Embracing Life With RA Without Limits
Rheumatoid arthritis can’t stop a woman on a mission to help others!
“I drive seniors to their doctor appointments, to the drugstore and on other errands,” Debbie explains. One day last fall, her local volunteer organization arranged for her to pick up a 68-year-old gentleman and take him to a doctor appointment. “Right away, he started to quiz me about the Civil War—he’s a real buff,” says Debbie. When they pulled up to the doctor’s office, the man asked Debbie a question for her to think about until he returned to the car: “Which U.S. president,” he asked, “was buried more than 10 times?”
“As soon as he got out of the car, I got on my cell phone and started calling all my friends to see if any of them knew,” Debbie recalls. No one could help. The president who first came to her mind was Abraham Lincoln, so when her passenger returned to the car, she guessed Lincoln. She was right. (Lincoln’s coffin was moved 17 times, partly because of a plot to steal his body and partly because of numerous reconstructions of his tomb.)
The next time she was scheduled to drive this man to an appointment, Debbie sat down at her computer the night before to check out Civil War trivia. “Then I phoned him and told him that this time, I’d have some questions for him,” she says with a laugh. “He was touched that I remembered his hobby and said that coming up with Civil War questions for him was the coolest thing anyone had done for him in a long time.”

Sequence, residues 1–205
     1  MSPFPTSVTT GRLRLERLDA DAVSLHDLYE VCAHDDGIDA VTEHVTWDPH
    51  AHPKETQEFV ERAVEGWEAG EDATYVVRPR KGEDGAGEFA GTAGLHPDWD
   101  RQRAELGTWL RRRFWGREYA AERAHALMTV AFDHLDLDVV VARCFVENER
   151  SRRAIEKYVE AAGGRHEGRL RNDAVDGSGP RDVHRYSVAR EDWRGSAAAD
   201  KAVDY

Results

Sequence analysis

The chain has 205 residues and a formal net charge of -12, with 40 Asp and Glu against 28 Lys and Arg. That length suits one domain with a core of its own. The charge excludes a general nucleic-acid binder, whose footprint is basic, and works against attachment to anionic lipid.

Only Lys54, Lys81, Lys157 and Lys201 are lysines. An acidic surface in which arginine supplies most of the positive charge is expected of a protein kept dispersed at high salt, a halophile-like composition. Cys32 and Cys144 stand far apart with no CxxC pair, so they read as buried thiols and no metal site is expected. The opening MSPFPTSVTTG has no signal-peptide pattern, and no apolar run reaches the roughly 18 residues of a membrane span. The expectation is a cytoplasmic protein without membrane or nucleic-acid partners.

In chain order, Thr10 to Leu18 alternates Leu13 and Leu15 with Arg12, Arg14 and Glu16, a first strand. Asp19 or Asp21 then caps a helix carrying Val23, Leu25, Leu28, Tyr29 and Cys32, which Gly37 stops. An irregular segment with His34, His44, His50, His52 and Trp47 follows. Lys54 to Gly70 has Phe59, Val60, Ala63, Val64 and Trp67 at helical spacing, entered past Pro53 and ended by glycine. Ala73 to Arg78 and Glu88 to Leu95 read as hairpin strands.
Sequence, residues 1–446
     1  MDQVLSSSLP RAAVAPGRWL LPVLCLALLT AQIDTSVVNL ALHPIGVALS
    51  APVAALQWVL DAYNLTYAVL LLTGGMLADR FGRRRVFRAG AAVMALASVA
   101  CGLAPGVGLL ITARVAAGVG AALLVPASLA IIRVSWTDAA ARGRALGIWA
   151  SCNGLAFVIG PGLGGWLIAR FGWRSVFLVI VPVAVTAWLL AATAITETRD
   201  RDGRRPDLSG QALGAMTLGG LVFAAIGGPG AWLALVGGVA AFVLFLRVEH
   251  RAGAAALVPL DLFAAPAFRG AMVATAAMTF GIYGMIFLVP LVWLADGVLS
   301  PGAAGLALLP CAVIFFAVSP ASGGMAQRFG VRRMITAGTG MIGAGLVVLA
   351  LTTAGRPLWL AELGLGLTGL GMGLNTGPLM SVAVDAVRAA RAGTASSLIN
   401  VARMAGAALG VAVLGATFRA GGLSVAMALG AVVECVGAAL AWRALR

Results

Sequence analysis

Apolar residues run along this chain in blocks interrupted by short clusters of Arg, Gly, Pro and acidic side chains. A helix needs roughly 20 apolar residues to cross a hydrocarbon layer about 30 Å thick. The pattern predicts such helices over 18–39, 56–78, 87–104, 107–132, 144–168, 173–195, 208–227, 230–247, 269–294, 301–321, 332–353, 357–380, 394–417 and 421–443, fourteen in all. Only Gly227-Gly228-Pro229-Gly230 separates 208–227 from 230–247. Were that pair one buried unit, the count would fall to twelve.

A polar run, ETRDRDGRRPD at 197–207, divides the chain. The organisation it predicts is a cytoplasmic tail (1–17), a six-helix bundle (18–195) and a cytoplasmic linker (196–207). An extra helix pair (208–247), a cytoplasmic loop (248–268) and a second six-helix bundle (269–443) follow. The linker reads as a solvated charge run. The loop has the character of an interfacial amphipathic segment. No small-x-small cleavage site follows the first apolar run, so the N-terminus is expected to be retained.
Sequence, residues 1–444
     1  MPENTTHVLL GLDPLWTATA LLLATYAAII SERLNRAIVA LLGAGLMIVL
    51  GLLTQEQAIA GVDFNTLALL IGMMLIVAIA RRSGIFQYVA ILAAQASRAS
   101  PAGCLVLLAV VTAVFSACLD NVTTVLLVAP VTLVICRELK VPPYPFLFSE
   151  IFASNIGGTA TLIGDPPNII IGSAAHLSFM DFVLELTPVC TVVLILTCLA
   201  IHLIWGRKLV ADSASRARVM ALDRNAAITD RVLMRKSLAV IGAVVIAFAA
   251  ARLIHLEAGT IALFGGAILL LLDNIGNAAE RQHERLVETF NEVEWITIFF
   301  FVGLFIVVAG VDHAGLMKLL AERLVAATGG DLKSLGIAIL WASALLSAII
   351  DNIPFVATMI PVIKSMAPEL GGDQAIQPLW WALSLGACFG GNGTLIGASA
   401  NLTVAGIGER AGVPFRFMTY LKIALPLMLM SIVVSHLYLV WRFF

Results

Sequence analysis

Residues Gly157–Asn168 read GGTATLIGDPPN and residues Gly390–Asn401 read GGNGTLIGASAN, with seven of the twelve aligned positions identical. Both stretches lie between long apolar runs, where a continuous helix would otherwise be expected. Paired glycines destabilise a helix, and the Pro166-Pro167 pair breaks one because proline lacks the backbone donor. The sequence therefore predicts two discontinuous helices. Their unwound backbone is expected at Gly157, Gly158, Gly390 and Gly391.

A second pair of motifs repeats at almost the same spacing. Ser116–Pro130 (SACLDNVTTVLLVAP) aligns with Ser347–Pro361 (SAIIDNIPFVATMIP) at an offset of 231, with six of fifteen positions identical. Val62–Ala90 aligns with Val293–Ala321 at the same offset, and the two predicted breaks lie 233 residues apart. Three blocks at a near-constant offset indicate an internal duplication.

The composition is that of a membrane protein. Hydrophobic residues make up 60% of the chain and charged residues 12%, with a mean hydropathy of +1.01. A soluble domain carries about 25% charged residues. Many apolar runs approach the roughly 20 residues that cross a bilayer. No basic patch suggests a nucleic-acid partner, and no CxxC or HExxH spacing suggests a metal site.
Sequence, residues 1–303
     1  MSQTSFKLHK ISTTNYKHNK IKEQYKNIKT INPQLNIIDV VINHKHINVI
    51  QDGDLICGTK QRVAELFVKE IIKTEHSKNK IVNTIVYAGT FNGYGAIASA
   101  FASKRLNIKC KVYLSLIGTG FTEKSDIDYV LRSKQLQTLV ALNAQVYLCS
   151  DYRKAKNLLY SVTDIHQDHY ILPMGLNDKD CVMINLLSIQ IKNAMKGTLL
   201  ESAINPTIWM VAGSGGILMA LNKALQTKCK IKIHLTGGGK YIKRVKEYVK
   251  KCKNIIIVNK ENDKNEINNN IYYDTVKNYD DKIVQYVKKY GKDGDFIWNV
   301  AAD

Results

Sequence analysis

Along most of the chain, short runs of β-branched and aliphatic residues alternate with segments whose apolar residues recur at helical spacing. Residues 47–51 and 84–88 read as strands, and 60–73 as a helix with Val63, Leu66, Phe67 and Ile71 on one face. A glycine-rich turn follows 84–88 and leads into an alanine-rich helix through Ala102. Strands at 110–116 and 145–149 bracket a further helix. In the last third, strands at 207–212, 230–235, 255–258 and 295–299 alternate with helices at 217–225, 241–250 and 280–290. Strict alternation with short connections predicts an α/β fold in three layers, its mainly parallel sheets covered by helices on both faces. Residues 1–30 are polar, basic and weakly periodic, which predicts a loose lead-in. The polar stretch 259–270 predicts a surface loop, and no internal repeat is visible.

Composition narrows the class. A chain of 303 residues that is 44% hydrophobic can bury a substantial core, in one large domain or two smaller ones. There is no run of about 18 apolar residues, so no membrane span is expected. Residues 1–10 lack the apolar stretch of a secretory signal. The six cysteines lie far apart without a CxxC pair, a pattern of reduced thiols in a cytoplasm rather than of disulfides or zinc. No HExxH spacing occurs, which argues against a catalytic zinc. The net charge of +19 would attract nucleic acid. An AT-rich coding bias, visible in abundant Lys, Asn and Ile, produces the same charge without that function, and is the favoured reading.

Nurturing the spirit
As active as she is, Debbie admits that RA occasionally slows her down with soreness and fatigue. “But I push myself, and I think it makes me feel better,” she adds. “Going out and helping someone else certainly makes me feel better mentally. Volunteering,” she concludes, “has nurtured my spirit.”
It also often makes her laugh. “One woman told me she was 86. I told her, ‘You don’t look it.’ Then she asked me how old I was. When I told her I was 55, she said ‘You don’t look it.’ And then I reminded her that when she’d first gotten in the car, she had told me that she was legally blind! We both had a good laugh about that.”